OFFICE ACTG. ASST. PROV. March General FOR ILLINOIS, Springfield, July 16,1 863.
Captain B. F. WESTLAKE,
Provost-Marshal, Ninth District, Mount Sterling, Ill.:
CAPTAIN: Yours of 15th received. Continue to exercise all possible care and vigilance in detecting and circumventing the hostile purposes of deserters and disloyal persons. The records of your office must be protected at all hazards. I share in your hope that the work may be carried to a successful termination without reforging to the military arm. But the times admonish us to be prepared for the worst. Keep me fully advised of the course of events. I will aid and advise you at all times to the best of my knowledge and resources. Should you at any time consider your headquarters in danger from a mob or riotous violence, and the emergency too pressing to allow of delay, you would be authorized to engage or hire a sufficient number of suitable persons as temporary guard, and to purchase needful weapons for their use, if not otherwise obtainable. Should arms be purchases for such necessary use, you will send the vouchers to the Provost-Marshal- General, as in case of other purchases. It might be well to have an understanding with a suitable number of prudent and reliable men, to be ready to act at the moment of need.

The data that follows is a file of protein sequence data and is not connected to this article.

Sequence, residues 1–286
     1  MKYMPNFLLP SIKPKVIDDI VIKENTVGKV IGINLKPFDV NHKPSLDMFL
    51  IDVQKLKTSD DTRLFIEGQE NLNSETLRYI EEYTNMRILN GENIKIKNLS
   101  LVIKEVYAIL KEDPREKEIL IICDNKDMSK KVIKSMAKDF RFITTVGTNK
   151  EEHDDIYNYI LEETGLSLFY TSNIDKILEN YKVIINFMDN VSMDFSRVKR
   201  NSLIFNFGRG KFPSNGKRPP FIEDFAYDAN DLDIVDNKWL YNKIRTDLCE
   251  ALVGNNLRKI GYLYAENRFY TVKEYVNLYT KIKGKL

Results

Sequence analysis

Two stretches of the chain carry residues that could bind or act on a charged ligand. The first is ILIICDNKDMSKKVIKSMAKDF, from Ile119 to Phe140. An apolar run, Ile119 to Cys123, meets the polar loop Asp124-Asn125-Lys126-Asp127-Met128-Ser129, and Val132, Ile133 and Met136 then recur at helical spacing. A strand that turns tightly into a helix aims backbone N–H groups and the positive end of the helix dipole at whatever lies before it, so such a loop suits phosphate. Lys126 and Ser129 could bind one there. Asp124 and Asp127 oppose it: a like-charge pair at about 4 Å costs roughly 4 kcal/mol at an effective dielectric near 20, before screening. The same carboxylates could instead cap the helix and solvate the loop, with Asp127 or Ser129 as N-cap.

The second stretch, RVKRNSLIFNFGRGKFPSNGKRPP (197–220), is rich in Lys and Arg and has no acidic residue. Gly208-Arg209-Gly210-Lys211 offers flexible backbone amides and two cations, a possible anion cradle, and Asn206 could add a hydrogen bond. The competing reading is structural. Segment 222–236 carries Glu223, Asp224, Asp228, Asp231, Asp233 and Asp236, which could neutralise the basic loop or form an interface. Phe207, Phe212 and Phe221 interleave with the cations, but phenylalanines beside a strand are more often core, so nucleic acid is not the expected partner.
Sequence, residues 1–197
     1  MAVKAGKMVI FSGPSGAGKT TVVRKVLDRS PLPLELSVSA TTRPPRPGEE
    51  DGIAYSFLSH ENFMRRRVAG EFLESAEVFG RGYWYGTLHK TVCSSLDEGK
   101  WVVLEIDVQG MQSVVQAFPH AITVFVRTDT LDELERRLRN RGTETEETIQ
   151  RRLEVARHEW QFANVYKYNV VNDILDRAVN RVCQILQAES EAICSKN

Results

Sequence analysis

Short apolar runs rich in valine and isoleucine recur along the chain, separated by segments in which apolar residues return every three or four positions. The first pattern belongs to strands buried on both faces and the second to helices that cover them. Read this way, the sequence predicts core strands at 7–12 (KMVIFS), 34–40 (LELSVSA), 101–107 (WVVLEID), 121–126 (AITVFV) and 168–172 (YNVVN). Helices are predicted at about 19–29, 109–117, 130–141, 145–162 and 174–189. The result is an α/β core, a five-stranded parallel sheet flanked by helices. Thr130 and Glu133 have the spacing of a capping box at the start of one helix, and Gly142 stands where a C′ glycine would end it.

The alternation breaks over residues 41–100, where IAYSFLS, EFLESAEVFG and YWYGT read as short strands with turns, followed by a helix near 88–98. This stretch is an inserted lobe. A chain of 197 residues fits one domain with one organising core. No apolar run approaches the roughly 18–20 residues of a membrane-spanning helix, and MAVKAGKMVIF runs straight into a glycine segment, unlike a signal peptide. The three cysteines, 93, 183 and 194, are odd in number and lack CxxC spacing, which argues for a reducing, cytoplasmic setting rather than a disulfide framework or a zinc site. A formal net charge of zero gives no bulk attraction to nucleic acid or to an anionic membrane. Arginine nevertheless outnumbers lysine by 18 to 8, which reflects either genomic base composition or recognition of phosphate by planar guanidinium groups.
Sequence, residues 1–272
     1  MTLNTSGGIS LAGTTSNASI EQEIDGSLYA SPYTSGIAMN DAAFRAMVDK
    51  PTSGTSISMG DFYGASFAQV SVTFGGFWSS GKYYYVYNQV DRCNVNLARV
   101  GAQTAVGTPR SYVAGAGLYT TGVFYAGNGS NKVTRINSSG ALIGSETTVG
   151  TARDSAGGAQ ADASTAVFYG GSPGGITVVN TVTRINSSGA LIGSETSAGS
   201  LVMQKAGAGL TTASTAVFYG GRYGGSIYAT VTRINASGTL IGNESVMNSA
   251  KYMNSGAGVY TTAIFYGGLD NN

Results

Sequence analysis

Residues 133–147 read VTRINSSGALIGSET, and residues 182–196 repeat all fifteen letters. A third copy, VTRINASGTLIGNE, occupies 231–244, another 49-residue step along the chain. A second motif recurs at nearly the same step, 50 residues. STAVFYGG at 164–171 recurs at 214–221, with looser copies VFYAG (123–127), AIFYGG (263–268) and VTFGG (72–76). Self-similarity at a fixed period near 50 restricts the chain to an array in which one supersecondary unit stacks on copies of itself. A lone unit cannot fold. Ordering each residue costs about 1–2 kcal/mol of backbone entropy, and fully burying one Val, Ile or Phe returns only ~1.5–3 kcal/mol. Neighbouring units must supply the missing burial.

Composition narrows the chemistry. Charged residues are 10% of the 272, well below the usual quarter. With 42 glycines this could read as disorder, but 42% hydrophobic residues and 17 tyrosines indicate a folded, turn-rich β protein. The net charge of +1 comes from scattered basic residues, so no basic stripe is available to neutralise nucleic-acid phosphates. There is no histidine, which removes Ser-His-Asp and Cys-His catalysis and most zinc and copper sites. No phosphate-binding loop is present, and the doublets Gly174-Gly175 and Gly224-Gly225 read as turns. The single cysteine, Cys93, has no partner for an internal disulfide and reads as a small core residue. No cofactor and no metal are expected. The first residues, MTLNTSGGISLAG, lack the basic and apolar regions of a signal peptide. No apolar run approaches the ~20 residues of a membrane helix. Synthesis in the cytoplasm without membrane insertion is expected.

You will understand that these are only precautionary suggestions, to be acted on only in the case of extreme need or danger. But the authority of the Government and the requirements of the enrollment act must be sustained and carried out.
I am, captain, very respectfully, your obedient servant,
Lieutenant Colonel Fourth U. S. Cav. and A. A. P. M. G. for Illinois.
MACOMB, ILL., July 11, 1863.
Captain B. F. WESTLAKE:
SIR: I received a letter this morning from Tennessee. Find copy inclosed.
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I have no fears of an outbreak until the enforcement of the draft. Then I am satisfied it will take the military to do so. I learn they are drilling in some three parts of the country. Reliable persons see them going to and from the grounds; said to number some sixty-five persons.
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This man Driskill is a most notorious copperhead. Paid bill, $655.50, besides freight; weight of box 240 pounds. I am told the arms have been already divided, some of them having gone north the creek.
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I have written the provost-marshal at Chicage to look to this house-Enoch Woods". if loyal, would be glad ot have a copy of bill. Had not you better write him also? Had not the authorities better keep watch over this house?
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Driskill is a poor man not in trade; evidently received the arms for distribution. All that can be done is post and prepare ourselves for the enforcement of the law when violated.
WM. H. RANDOLPH.